Wes Borland Accepts His Limp Bizkit Fate
If it were still 1999, many of us could have been aware that a new Limp Bizkit album is scheduled for release.
But rather, its 2011, and the rap-rock/critic-breeding five-piece from Jacksonville, Florida have faded harshly into obscurity following years of tumultuous lineup shifts, tragic album follow-ups and alienating charades led by outspoken vocalist Fred Durst.
Leaving the band in 2001, Borland would subsequently rejoin the group in 2004 to work on their fifth studio album The Unquestionable Truth (Part 1). Departing once again in 2005 for another of his numerous side-projects, Black Light Burns, Borland would make another public return to Bizkit in 2009; a move which has since contributed to the group’s latest effort Gold Cobra, which was released last month.
In a hilarious example of self-realization, Borland’s interview with Music Radar was a firsthand account of the trivializations he has faced as a member of Limp Bizkit.
“What’s interesting is, because the deck is stacked against us and we’re now the underdogs, I’m interested again in a weird way,” he said. “Being in the band is a challenge now, whereas before, when we were at our zenith, it was like clubbing baby seals.”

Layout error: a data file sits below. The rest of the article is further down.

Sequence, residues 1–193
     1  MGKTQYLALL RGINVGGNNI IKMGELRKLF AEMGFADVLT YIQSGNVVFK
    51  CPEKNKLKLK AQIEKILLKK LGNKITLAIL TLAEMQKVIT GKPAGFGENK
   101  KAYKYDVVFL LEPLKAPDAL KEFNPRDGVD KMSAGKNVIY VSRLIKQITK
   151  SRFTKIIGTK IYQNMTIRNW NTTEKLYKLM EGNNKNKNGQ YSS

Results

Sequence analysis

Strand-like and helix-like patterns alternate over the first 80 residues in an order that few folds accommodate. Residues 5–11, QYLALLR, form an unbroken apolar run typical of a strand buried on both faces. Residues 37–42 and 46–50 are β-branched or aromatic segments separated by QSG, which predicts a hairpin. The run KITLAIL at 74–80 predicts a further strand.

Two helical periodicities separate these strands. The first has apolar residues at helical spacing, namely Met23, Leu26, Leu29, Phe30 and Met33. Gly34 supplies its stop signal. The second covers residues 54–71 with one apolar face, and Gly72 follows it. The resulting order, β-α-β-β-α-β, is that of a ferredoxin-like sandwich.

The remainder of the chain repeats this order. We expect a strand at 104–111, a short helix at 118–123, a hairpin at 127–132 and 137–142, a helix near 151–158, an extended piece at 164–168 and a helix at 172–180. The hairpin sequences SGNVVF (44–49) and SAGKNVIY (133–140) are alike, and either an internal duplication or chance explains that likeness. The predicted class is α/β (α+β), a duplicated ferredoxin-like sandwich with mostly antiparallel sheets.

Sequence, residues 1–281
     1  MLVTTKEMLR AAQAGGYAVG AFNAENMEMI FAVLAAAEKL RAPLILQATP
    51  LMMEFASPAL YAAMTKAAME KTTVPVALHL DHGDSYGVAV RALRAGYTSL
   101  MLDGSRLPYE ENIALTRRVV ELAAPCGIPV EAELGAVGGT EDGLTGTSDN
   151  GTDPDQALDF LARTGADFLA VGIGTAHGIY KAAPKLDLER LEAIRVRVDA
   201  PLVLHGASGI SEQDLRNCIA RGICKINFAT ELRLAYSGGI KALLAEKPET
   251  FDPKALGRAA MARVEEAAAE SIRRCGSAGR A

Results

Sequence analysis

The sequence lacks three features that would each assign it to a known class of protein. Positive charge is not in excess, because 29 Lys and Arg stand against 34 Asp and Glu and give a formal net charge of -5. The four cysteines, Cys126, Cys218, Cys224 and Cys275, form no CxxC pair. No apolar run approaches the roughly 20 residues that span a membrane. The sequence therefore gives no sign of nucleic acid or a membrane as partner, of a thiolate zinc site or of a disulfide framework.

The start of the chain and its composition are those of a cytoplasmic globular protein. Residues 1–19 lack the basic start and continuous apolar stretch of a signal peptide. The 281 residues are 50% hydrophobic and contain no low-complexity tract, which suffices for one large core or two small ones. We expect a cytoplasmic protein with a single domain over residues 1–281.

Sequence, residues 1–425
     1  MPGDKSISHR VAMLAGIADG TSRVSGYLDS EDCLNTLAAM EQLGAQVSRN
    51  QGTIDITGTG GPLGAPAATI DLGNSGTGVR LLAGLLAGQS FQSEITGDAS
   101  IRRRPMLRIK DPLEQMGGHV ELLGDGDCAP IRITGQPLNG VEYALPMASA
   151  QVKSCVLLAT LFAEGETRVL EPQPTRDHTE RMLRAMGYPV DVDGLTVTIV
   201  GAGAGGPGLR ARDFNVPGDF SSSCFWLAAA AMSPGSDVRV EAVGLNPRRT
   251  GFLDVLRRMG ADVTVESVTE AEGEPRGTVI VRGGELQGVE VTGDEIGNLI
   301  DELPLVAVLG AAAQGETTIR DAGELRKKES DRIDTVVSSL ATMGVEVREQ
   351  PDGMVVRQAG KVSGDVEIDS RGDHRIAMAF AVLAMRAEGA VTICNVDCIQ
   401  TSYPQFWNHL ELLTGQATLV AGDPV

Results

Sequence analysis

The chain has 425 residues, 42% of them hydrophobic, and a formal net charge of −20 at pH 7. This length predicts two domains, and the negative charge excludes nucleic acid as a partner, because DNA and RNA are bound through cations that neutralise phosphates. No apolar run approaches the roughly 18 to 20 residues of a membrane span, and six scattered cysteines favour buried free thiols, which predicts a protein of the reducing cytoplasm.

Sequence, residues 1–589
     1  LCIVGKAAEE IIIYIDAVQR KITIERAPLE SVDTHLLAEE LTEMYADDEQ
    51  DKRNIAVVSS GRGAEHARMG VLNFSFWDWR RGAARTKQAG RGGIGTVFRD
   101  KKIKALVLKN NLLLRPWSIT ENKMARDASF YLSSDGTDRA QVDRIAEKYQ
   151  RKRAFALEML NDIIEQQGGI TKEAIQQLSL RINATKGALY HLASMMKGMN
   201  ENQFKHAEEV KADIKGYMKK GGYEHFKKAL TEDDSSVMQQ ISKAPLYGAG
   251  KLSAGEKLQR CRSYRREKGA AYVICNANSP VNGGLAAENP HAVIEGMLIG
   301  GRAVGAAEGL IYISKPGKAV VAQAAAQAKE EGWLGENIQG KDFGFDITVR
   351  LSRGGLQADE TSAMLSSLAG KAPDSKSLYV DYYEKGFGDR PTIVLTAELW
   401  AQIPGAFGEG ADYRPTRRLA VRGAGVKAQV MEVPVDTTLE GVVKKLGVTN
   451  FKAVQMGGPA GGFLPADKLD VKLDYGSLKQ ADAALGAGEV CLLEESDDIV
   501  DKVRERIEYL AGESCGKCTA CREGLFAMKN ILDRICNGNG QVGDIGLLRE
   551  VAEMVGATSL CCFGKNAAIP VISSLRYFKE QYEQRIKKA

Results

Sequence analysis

“People don’t care about us now. Things are harder for us. For some very weird reason, that’s interesting and exciting to me. I feel as though we’re building something again. My return is complicated, and there’s many gray areas to it.”
The story of Wes Borland is practically a tragedy. Long hailed as the solely talented member of Bizkit, Borland’s other musical projects, including Big Dumb Face, Eat the Day, Black Light Burns, Fear and the Nervous System, as well as a tour stint with Marilyn Manson.
In his performing days, Borland has successfully developed a carousel of dark, enigmatic costumes that reflect his uniquely creative personality. His refreshing wardrobes have likened him to past masked trailblazers of the stage such as David Bowie and Peter Gabriel.
While it’s fun to once again poke the bleeding Limp Bizkit sore that has been flaming out for over a decade now, Borland’s recent quotes shed light one of rock’s more underscored tragedies for talented musicians stuck in a corner.